Jamie Carragher has questioned Manchester City’s pursuit of Harry Kane, asking why they haven’t met Tottenham’s valuations of the striker.
The Harry Kane saga rumbles on; there’s no end in sight, as nothing seems to move forward. Manchester City have been chasing the Tottenham star all summer, but Daniel Levy seems to have no interest in selling his main man. However, questions have been asked over Pep Guardiola’s club and their intentions over the move.
Kane has seemingly gone to lengths to express his desire to move away. His first revelation came at the end of last season during an interview with Gary Neville. Tottenham have since rejected one offer of £100 million-plus a player for the striker, and City are yet to come up with another sizeable offer.
The England captain’s late return to training due to extended holidays and quarantine led to suggestions that he might be trying to force a transfer, but he has since come back to first-team training. However, the striker has not been involved in the two competitive games the north Londoners have played.
Levy has made his stance clear, demanding over £150 million for his star striker. Man City have reportedly planning to submit another offer worth £127 million since, but Spurs remain unmoved. They want their valuation met even to have a meaningful discussion over a transfer.
While many have questioned Spurs’ intent to refuse a move, Jamie Carragher has asked why Manchester City haven’t been able to meet his value? City are usually efficient in bringing their primary targets without problems, as Carragher points out in his column in The Telegraph.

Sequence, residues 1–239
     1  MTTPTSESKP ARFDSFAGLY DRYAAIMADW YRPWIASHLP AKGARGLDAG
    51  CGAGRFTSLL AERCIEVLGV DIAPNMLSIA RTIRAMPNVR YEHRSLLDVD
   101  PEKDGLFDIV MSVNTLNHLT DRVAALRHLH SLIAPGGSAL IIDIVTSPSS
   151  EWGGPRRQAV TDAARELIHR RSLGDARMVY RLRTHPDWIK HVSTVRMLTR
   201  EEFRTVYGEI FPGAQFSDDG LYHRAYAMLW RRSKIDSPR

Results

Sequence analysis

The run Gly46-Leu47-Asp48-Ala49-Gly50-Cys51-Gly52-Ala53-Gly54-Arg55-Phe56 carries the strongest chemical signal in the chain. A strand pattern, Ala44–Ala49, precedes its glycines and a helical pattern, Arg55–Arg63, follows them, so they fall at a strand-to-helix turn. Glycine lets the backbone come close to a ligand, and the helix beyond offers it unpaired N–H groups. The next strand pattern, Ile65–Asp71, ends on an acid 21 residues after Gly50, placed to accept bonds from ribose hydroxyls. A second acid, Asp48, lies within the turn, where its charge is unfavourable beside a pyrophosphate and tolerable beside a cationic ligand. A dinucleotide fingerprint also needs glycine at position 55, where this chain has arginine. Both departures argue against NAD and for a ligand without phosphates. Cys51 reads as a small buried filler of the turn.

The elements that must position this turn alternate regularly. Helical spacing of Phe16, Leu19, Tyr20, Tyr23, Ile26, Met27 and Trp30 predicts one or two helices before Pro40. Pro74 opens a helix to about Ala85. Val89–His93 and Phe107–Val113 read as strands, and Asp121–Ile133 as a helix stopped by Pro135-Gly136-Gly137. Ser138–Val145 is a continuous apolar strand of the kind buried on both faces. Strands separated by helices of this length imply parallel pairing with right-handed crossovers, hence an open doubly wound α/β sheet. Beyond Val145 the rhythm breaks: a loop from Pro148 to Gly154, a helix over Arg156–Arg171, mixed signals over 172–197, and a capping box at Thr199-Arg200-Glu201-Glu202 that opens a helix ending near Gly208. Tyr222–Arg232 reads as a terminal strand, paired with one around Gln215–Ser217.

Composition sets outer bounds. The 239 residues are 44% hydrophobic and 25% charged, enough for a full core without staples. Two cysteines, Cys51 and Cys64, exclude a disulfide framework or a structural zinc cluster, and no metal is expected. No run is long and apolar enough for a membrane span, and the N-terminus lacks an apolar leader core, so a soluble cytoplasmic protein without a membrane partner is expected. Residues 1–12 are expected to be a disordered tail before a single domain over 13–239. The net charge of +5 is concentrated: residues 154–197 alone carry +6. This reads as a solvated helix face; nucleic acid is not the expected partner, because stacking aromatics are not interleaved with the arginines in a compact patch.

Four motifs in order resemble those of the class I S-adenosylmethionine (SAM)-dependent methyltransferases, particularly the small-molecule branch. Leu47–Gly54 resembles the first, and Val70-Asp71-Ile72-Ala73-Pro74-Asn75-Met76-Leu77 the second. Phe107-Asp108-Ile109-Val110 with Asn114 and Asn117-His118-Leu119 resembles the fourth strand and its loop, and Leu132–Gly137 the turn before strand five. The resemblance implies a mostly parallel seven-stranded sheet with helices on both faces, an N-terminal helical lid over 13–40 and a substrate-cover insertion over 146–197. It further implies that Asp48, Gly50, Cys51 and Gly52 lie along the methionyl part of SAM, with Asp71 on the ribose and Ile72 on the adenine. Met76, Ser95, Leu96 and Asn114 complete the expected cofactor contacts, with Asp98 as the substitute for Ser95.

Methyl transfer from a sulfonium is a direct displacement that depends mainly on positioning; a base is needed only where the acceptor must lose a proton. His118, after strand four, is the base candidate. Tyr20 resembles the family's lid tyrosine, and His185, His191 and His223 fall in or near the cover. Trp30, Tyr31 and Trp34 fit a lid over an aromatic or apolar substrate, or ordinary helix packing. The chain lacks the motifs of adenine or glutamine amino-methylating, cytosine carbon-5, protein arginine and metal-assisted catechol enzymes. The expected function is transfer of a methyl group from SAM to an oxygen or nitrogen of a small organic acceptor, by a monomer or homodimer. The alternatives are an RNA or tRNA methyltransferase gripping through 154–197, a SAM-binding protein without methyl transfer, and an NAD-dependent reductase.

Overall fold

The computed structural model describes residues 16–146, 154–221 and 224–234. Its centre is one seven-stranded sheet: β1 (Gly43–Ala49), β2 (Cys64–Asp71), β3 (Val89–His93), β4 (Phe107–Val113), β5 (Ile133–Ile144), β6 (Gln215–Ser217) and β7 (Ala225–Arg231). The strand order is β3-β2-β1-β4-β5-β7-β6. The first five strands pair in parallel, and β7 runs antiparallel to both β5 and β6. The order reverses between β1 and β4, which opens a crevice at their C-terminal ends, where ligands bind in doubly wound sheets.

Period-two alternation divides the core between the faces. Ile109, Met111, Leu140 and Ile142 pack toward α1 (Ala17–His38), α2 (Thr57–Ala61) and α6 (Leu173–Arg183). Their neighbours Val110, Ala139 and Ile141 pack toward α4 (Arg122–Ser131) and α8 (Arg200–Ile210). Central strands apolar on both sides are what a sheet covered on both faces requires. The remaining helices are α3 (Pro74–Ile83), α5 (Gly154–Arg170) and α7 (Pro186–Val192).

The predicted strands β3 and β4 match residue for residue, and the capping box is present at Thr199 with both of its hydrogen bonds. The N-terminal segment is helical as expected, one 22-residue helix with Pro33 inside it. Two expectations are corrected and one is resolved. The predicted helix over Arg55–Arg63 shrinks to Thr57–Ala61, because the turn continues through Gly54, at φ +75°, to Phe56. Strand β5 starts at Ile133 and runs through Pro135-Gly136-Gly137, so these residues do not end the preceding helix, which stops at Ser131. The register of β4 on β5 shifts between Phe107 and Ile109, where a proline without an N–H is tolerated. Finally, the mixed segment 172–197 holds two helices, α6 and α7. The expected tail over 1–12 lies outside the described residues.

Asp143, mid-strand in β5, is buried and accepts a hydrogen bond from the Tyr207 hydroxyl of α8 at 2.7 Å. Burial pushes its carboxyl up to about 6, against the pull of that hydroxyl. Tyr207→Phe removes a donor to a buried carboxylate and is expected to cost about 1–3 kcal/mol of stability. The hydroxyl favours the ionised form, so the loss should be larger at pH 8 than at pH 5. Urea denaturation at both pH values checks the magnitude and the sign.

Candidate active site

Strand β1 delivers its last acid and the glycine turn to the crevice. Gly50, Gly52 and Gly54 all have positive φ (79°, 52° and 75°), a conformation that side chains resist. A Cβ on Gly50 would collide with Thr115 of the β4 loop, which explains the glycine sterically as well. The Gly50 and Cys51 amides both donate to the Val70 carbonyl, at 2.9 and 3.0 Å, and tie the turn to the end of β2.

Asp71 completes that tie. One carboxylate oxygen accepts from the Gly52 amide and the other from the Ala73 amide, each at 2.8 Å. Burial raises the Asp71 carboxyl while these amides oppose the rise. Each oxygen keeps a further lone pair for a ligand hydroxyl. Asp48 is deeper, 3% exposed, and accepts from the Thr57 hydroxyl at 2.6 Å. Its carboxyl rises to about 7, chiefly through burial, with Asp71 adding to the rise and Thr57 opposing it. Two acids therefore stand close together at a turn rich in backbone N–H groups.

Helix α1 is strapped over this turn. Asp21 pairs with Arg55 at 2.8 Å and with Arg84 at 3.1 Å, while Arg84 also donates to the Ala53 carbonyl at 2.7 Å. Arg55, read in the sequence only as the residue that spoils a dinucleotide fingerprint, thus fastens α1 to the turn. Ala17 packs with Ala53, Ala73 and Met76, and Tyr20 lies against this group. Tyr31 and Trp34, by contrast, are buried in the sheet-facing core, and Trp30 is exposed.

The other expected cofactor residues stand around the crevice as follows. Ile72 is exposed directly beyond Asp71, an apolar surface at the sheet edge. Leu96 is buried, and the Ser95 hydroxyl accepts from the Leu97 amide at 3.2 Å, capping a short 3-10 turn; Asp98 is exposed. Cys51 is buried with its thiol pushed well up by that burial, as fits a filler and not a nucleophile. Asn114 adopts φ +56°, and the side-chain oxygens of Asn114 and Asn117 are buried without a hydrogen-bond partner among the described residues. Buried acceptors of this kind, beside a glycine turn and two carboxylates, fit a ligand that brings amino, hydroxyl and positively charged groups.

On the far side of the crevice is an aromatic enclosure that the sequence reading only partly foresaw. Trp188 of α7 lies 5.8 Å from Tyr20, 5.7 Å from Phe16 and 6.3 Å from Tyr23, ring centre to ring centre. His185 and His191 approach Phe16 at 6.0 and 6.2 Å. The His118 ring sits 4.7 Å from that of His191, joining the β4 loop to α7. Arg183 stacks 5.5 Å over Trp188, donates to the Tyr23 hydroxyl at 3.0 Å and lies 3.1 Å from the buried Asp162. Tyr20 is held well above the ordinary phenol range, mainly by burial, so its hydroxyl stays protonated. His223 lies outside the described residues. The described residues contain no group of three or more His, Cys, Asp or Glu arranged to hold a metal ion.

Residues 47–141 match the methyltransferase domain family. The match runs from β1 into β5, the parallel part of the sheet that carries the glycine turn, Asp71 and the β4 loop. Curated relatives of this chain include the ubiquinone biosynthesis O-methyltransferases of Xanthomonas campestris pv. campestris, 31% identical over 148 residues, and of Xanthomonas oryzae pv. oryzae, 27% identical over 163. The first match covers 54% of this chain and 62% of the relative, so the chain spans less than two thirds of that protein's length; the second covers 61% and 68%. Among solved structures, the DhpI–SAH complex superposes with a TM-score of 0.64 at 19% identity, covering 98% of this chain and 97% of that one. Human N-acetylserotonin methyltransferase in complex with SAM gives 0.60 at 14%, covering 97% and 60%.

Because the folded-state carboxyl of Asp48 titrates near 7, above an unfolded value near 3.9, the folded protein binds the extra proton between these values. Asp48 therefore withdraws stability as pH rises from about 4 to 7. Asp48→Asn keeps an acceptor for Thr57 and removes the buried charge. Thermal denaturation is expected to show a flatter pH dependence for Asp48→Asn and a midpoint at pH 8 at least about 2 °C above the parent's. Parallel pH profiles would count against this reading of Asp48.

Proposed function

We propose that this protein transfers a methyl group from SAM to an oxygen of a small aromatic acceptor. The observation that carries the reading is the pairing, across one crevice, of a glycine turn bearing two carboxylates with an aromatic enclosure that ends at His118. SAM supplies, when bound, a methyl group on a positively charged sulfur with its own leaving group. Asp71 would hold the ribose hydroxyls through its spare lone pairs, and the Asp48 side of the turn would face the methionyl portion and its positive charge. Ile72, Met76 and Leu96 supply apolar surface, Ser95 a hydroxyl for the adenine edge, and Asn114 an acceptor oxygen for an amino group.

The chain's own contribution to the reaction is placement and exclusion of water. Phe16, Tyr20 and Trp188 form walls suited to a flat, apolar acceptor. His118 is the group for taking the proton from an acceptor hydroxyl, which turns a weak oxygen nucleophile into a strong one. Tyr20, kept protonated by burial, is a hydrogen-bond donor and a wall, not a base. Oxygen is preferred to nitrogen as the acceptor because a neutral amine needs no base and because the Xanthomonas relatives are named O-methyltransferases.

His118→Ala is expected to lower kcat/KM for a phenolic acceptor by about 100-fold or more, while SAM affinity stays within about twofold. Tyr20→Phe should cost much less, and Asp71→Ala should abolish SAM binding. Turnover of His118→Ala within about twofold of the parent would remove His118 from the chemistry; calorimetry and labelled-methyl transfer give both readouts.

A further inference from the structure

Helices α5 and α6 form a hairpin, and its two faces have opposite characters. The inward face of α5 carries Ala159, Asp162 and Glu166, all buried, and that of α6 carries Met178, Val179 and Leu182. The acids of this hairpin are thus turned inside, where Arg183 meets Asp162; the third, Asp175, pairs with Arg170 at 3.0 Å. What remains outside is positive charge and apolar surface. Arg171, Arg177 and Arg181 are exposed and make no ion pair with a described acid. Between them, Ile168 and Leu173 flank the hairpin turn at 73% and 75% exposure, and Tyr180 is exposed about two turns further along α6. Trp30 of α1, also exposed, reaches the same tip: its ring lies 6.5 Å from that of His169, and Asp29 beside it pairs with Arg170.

Carragher says, “If I was Kane, I would be as disappointed in Sheikh Mansour as Levy, and ask myself, ‘why haven’t they matched my market value?’ Privately, he might even be wondering how far City are really prepared to go to get him. As the supposed number one summer target, he should already have been paraded in his City shirt.
“If City were to bid that much and it was still refused, the situation would be viewed differently. Kane’s argument about being retained against his and Spurs’ best interests would carry more weight. As things stand, there is nothing unreasonable about Levy’s stance as he correctly calculates Kane’s price and the resources of the club chasing him.
“Anything less than £150 million for the England captain is going to be met with an instant rebuke. No matter how much understanding there is for Kane as he seeks to fulfil his trophy-winning ambitions under Pep Guardiola, no one in football would expect Tottenham to sell him for less. They have a business to protect. There is no room for sentiment.”
Those words from Carragher make plenty of sense, as Manchester City moved swiftly to sign Jack Grealish from Aston Villa by paying his valuation of £100 million, no questions asked. However, they are playing a risky game with Kane and might not sign their primary target as the transfer deadline looms.